Race and reputation: Perceived racial group trustworthiness influences the neural correlates of trust decisions

Damian A. Stanley, Peter Sokol-Hessner, Dominic S. Fareri, Michael T. Perino, Mauricio R. Delgado, Mahzarin R. Banaji, Elizabeth A. Phelps

Research output: Contribution to journalArticlepeer-review


Decisions to trust people with whom we have no personal history can be based on their social reputation-a product of what we can observe about them (their appearance, social group membership, etc.)-and our own beliefs. The striatum and amygdala have been identified as regions of the brain involved in trust decisions and trustworthiness estimation, respectively.However, it is unknown whether social reputation based on group membership modulates the involvement of these regions during trust decisions. To investigate this, we examined blood-oxygenation-level-dependent (BOLD) activity while participants completed a series of single-shot trust game interactions with real partners of varying races. At the time of choice, baseline BOLD responses in the striatum correlated with individuals' trust bias-that is, the overall disparity in decisions to trust Black versus White partners.BOLD signal in the striatum was higher when deciding to trust partners from the race group that the individual participant considered less trustworthy overall. In contrast, activation of the amygdala showed greater BOLD responses to Black versus White partners that scaled with the amount invested. These results suggest that the amygdala may represent emotionally relevant social group information as a subset of the general detection function it serves, whereas the striatum is involved in representing race-based reputations that shape trust decisions. q 2012 The Royal Society.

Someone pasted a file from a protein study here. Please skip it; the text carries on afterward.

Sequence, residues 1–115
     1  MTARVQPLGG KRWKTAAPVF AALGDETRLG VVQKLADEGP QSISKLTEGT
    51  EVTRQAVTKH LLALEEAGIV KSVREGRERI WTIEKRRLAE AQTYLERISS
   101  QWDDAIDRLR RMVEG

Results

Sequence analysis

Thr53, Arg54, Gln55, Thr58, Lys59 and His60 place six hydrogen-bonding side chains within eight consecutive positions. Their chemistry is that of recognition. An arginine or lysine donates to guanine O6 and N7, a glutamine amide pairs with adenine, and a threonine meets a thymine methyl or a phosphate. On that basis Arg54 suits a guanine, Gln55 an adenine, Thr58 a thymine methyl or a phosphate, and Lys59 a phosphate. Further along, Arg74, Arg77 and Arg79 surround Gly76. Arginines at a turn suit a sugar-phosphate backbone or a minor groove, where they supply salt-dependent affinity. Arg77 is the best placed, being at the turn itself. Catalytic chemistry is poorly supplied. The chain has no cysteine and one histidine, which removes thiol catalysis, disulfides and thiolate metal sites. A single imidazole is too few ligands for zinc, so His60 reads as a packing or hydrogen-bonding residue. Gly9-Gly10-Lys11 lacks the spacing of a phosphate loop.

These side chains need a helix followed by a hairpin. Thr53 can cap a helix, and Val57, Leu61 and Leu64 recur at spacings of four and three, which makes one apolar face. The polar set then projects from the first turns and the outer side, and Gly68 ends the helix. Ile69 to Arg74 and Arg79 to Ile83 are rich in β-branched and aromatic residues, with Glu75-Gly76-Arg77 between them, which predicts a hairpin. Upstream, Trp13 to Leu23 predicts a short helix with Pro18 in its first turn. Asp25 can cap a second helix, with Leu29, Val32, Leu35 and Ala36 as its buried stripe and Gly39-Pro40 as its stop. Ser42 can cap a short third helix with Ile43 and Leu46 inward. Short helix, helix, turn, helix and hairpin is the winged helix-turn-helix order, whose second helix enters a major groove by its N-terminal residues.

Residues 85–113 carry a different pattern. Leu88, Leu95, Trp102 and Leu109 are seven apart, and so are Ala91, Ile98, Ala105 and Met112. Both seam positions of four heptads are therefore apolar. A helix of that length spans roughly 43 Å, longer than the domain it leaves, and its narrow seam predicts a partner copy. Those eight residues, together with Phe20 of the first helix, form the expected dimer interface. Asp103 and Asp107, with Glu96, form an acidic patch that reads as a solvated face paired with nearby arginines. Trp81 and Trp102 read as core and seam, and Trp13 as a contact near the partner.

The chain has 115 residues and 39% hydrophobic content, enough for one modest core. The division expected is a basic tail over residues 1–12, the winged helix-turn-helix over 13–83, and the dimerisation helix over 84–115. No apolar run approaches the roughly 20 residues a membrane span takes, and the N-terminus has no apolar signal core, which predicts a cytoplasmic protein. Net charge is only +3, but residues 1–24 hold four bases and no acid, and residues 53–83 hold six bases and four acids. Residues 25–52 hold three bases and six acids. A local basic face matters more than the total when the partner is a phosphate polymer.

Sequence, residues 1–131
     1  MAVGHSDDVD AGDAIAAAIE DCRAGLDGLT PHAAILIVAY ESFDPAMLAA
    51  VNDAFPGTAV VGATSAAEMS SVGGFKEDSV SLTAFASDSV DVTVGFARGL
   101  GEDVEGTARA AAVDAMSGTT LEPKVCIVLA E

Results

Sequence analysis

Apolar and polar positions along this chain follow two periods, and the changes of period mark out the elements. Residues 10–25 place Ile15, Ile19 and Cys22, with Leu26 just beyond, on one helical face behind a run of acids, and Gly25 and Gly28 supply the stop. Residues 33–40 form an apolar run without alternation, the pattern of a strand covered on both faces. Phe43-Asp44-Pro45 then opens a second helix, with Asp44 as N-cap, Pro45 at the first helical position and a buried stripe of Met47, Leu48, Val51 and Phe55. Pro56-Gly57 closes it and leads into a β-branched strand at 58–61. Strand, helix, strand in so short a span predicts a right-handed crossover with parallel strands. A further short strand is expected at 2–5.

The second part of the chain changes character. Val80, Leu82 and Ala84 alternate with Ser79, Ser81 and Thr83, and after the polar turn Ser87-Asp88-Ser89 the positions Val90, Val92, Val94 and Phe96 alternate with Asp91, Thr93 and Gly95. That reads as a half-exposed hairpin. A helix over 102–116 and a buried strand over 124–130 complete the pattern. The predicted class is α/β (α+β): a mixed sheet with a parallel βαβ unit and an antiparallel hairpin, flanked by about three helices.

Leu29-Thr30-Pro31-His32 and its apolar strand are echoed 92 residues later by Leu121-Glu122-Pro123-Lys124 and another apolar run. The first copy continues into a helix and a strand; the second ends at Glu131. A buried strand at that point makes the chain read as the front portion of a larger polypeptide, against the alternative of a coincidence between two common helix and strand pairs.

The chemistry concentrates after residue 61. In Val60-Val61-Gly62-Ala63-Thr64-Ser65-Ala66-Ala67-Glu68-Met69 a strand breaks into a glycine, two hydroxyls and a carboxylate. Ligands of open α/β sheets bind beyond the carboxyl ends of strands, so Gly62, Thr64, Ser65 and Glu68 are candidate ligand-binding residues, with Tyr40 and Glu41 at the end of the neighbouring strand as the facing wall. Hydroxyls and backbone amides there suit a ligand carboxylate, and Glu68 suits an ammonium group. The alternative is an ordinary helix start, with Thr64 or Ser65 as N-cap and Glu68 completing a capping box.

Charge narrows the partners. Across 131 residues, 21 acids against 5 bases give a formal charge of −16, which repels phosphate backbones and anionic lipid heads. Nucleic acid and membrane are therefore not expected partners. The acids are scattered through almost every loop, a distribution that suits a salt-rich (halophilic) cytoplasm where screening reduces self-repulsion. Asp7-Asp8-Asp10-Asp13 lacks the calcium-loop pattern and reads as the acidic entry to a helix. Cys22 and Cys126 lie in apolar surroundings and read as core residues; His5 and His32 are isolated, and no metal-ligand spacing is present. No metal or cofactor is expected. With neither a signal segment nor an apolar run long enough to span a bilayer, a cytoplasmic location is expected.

Original languageEnglish (US)
Pages (from-to)744-753
Number of pages10
JournalPhilosophical Transactions of the Royal Society B: Biological Sciences
Issue number1589
StatePublished - 2012


  • Decision-making
  • Functional magnetic resonance imaging
  • Race bias
  • Reputation
  • Trust game

ASJC Scopus subject areas

  • General Biochemistry, Genetics and Molecular Biology
  • General Agricultural and Biological Sciences


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